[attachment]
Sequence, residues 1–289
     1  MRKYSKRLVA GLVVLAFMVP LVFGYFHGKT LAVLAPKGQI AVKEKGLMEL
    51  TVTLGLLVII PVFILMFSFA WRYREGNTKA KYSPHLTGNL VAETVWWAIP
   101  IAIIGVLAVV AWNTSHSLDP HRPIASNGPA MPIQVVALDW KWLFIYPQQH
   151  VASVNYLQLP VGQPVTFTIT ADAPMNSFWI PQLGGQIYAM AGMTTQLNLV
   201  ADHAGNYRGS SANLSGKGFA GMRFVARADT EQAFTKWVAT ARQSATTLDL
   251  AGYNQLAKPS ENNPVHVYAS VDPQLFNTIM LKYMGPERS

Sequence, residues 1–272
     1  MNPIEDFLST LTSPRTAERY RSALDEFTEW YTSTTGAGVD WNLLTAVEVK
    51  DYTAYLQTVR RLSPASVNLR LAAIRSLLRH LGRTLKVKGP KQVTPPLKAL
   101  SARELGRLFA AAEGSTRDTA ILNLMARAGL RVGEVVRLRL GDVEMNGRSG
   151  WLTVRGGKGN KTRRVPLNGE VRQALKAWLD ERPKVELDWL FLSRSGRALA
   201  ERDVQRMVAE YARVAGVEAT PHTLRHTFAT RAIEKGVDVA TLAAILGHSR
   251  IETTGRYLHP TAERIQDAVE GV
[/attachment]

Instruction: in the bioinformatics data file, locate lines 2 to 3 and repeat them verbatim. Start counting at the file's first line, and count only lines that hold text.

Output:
     1  MRKYSKRLVA GLVVLAFMVP LVFGYFHGKT LAVLAPKGQI AVKEKGLMEL
    51  TVTLGLLVII PVFILMFSFA WRYREGNTKA KYSPHLTGNL VAETVWWAIP